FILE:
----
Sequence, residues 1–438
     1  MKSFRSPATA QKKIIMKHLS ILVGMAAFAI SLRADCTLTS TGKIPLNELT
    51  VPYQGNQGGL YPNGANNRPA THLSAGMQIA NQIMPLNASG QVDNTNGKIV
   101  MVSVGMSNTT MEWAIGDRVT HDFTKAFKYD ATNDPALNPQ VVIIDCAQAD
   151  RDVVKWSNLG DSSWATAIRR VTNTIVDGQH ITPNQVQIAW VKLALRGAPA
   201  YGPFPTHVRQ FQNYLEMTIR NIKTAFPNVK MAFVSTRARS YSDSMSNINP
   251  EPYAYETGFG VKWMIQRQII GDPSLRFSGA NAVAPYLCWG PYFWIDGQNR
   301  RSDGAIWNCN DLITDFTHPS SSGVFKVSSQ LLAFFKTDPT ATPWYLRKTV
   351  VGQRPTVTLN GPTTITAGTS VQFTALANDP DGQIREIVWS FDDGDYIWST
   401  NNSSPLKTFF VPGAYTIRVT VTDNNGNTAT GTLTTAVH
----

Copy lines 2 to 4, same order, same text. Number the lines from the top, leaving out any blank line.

     1  MKSFRSPATA QKKIIMKHLS ILVGMAAFAI SLRADCTLTS TGKIPLNELT
    51  VPYQGNQGGL YPNGANNRPA THLSAGMQIA NQIMPLNASG QVDNTNGKIV
   101  MVSVGMSNTT MEWAIGDRVT HDFTKAFKYD ATNDPALNPQ VVIIDCAQAD